In my work with groups I have experienced what I call “group consciousness” as a collective energy field, which can be felt. I experience group consciousness as a combination of the energy and awareness of the individuals in the group and also at times more than this – more than the sum of the parts.
Spiritual teacher, Eckhart Tolle’s describes group consciousness in energetic terms.
“A group of people coming together in a state of presence generates a collective energy field of great intensity. It not only raises the degree of presence of each member of the group but also helps to free the collective human consciousness from its current state of mind dominance. This will make the state of presence increasingly more accessible to individuals”.8
The form of the collective energy field varies and the strength of the field seems to be related to the ability of the individuals in the group in generate “presence” (be in the here and now) and to the creation of a clear and aligned group purpose.
The concept of presence has been brought forward in the mainstream academic world through the work of Peter Senge and Otto Scharmer at the Massachusetts Institute of Technology (MIT). In ‘Theory U’ Scharmer explains that:
“[Collective presence and co-creation] are empirically the rarest (generative forms of communication) and the most strategically important. That infrastructure, if in place, would allow whole eco systems to connect and cope better, faster and more innovatively with the key challenges at hand. The lack of that infrastructure represents a missing piece of societal hardwiring today.”9
Group consciousness (or a conscious group) will exhibit observable individual awareness, and individual and group “presence”. Group consciousness imbued with presence is a vibrant field of aliveness and each unique group will give this consciousness its own flavour, qualities and vibration. From sustained presence (it can take some effort) collective intelligence will emerge.
Consciousness grows where there is alignment, awareness and openness to more possibility. When a conscious group aligns sincerely on a purpose, which is in keeping with the greater good of all, there is more energy available to the group. The group can become informed by the energy of consciousness that is greater than that usually available to individuals in the group.
The enhanced energy field of a conscious group can assist the individuals in it to raise their own individual vibration to meet that of the group. However no one needs to lower their vibration as consciousness is, well, conscious and individuals can exercise choice.
A group working consciously attracts more consciousness to itself in the form of energy/information stored in the wider consciousness, called “Akasha” or “akashic field” by Hungarian philosopher Ervin Lazlo10.
When this greater energy is consciously embraced and harmonized within a group, the group potential becomes more the sum of the individuals in it. Irritations that may have previously been in the way, fall into the background and are no longer as important or as relevant as they may have been. A noticeable shift occurs from the constraints of ego into a fresh perspective and wider context of the higher Self.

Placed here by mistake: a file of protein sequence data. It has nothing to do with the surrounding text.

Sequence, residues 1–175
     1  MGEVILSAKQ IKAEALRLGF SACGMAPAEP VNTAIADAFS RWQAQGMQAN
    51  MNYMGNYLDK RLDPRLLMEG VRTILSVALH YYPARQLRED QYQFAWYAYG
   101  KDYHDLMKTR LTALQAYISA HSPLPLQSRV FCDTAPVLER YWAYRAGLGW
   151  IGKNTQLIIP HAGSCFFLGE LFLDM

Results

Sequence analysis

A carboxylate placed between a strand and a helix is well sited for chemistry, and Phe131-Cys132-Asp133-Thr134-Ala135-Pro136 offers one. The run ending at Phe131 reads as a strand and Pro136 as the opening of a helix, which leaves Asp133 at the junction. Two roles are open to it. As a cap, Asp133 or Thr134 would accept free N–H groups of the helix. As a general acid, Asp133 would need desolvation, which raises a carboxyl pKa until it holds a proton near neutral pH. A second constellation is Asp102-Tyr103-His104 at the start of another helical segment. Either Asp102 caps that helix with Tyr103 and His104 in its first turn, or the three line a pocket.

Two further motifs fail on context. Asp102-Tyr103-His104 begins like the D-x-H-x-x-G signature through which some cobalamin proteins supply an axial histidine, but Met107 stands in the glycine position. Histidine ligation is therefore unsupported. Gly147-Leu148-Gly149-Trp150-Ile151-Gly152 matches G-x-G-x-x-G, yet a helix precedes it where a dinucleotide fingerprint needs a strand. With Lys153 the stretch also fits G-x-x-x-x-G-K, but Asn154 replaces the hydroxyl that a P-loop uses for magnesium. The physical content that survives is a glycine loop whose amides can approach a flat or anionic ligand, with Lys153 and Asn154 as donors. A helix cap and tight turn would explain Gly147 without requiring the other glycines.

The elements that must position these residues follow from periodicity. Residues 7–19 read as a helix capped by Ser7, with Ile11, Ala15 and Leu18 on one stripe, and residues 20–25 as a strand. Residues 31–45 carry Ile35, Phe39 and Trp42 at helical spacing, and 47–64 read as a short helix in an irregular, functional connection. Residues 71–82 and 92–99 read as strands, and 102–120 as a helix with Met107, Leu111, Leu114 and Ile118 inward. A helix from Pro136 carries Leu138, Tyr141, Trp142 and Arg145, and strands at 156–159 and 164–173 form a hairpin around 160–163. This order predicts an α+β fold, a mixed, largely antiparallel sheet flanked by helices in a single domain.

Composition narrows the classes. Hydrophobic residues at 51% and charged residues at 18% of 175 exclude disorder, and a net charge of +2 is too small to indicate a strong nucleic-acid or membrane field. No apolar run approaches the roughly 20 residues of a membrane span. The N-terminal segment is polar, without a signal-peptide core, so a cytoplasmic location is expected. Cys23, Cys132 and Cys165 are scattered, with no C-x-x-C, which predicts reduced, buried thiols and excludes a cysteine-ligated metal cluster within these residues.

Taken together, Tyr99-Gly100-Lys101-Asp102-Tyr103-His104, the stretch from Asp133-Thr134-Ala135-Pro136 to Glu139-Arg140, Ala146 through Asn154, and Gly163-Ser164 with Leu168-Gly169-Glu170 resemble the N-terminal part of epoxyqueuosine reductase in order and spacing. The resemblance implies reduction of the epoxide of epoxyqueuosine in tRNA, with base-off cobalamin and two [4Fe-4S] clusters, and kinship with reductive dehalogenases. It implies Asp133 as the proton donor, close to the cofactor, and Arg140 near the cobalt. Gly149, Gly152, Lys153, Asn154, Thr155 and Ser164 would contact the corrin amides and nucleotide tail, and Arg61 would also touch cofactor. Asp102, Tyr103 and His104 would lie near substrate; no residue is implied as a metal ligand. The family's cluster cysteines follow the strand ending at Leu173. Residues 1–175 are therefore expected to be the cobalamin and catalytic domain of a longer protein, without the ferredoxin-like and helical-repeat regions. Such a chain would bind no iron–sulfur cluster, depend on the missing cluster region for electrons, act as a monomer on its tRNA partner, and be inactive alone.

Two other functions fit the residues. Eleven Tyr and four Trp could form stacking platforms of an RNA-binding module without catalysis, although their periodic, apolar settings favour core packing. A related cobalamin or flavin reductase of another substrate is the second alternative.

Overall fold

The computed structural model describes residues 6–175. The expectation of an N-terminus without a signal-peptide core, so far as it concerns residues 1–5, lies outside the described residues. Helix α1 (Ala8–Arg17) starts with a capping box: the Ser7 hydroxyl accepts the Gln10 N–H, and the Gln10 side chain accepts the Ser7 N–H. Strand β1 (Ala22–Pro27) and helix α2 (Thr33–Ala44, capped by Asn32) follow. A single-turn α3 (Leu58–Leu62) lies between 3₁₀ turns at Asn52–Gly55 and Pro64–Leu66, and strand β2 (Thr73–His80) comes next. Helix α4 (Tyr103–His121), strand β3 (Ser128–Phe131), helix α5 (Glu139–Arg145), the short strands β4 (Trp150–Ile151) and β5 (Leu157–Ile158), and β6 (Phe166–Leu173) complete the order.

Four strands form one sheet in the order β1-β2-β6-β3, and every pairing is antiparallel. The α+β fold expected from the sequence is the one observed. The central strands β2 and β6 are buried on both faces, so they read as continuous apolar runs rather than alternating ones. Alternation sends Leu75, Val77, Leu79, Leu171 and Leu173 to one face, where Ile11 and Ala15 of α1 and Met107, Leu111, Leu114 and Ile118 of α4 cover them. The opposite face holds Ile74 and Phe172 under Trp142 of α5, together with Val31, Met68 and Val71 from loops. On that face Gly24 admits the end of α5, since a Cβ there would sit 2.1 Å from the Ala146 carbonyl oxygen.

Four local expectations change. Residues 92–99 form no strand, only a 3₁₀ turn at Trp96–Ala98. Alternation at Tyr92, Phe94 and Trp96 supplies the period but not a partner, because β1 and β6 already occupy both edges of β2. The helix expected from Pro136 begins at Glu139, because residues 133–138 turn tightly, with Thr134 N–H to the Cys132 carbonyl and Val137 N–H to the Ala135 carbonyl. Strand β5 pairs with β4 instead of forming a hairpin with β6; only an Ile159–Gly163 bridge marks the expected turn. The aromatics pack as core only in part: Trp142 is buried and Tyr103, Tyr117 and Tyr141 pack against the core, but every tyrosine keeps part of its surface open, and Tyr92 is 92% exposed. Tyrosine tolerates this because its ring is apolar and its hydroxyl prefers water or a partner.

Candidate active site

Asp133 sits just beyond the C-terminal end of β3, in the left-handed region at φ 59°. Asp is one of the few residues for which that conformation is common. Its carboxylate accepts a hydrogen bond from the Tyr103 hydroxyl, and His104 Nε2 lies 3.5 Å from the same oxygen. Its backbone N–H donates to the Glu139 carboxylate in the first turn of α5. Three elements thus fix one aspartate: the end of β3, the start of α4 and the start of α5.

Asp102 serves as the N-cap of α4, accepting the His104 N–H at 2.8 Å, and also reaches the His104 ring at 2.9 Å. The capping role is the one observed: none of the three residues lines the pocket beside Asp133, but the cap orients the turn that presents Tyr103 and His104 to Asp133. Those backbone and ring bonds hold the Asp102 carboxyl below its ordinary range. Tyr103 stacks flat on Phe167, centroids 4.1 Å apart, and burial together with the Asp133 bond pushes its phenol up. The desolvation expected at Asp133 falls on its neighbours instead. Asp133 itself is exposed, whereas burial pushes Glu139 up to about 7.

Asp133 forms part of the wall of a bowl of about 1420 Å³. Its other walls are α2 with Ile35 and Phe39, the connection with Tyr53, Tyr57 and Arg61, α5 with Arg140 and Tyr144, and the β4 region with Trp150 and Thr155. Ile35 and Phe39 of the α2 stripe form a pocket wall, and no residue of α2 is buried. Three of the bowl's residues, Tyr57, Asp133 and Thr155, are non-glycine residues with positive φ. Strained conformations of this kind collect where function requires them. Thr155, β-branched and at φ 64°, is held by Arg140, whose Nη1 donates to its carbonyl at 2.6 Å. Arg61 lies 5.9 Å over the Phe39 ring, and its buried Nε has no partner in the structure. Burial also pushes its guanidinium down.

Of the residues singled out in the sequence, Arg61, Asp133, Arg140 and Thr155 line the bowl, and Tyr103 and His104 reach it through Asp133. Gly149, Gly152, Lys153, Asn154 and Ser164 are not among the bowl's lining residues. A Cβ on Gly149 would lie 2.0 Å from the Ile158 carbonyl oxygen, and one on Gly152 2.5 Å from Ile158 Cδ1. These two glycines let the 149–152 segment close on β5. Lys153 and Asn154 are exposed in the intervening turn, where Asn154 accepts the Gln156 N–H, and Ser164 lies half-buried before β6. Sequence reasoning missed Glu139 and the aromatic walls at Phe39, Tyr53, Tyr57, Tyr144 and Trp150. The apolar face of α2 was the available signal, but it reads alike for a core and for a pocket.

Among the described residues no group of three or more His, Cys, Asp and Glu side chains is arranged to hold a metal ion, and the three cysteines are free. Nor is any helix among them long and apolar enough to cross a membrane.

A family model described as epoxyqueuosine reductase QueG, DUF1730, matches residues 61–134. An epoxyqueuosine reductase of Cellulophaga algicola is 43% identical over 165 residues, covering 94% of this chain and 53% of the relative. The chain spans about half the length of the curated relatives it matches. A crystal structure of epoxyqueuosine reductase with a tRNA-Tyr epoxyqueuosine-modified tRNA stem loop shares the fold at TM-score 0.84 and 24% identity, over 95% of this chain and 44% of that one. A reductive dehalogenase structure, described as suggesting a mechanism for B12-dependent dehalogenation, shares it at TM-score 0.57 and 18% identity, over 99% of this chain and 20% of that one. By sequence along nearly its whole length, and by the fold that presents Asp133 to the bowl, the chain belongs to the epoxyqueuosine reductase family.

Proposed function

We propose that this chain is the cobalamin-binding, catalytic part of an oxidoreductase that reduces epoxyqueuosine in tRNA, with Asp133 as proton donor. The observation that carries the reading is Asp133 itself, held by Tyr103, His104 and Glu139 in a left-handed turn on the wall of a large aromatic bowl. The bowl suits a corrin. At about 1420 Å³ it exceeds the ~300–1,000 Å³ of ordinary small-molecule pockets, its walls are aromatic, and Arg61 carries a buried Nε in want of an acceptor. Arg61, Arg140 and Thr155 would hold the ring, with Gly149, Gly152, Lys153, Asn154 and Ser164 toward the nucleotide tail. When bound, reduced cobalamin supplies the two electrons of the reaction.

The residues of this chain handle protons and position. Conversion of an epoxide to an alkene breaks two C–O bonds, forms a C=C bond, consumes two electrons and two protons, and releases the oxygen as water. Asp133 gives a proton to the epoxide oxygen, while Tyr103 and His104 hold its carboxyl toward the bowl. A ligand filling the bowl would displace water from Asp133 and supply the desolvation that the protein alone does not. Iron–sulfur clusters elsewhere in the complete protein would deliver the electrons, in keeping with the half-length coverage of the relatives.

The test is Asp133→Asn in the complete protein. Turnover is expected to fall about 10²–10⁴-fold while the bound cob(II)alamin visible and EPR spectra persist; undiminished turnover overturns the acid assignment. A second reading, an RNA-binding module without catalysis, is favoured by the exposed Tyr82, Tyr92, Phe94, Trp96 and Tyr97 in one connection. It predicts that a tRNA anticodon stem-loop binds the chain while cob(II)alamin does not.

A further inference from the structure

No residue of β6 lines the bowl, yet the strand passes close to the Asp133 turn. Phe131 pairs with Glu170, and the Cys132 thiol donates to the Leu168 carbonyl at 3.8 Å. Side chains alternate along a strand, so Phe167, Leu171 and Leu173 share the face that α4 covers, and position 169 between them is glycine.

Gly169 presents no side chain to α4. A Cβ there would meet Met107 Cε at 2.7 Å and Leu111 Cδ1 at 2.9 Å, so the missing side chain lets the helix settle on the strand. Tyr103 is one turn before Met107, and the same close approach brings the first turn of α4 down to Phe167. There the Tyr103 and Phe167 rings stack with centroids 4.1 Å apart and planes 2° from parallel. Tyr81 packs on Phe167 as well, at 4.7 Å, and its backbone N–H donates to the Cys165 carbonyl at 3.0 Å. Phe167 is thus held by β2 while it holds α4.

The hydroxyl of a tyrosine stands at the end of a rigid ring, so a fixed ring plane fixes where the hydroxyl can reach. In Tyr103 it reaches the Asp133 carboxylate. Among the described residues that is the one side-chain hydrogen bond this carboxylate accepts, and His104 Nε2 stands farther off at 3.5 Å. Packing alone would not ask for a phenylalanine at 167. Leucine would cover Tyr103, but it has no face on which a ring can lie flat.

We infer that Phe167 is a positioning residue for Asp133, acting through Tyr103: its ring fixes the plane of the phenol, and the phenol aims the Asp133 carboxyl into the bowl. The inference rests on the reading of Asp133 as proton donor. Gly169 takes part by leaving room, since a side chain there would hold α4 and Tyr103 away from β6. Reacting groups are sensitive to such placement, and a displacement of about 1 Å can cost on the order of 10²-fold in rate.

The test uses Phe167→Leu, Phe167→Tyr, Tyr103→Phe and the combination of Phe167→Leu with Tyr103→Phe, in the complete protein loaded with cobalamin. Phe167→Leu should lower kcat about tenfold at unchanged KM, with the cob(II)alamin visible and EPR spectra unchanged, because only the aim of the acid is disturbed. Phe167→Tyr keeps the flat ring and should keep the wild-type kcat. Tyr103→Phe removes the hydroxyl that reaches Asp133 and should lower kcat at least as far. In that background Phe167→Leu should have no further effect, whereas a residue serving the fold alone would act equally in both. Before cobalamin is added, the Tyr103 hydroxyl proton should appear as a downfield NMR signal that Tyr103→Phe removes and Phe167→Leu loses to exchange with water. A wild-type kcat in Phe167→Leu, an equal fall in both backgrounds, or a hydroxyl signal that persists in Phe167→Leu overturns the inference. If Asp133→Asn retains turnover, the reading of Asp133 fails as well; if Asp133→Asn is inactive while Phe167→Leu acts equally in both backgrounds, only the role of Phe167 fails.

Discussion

This effect is described as synergy, flow or being “in the zone”. The group becomes empowered or “powered up” and can work with the subtle energy of emergence.
In The Art of Facilitation (2007) by Dale Hunter, we explore how “dialogue in a space of deep listening opens up access to the whole field of consciousness, and the unlimited knowledge available beyond the constraints of time and space”.11
In his book, The Living Classroom: Teaching and Collective Consciousness, Christopher M. Bache explores “learning fields” created between the teacher and class in his work as a university teacher. His use of the expression “collective consciousness” is very similar to what I am calling collective intelligence (see below).
“When people open themselves to each other and focus intensely on a common goal, their individual energies become synchronized in a way that can mediate contact with levels of intelligence and creativity that are beyond the reach of these same individuals acting alone. We must engage each other in an integrated manner for this more potent mode of knowing to emerge. The specific level of consciousness that is accessed is not as important here as the discovery of (.. the enhanced capacity of the integrated group mind itself)….Whatever our individual abilities, our collective abilities are greater.”12
The active and communicative aspect of group consciousness can be termed “group intelligence” or “collective intelligence” and is distinguishable by the ability to learn, grow and work.
Group intelligence informs the work of the group, thinking, feeling, sensing and in action within the framework of the group purpose and agreed ways of working (group culture). Group intelligence does not supersede individual intelligence and in an effective group individual intelligence does not override group intelligence. Individual and group intelligence are different and complementary.
Group intelligence is energy and information working together to imagine and create the future, address an issue, solve a problem. Futurist George Por describes it this way:
“We can speed up the process of evolutionary adaptation in at least two ways:
– Embracing, thinking, and acting from prior unity, the intrinsic oneness of humankind and all of Life
– Augmenting, mobilizing, and using our collective intelligence and collective wisdom” 13.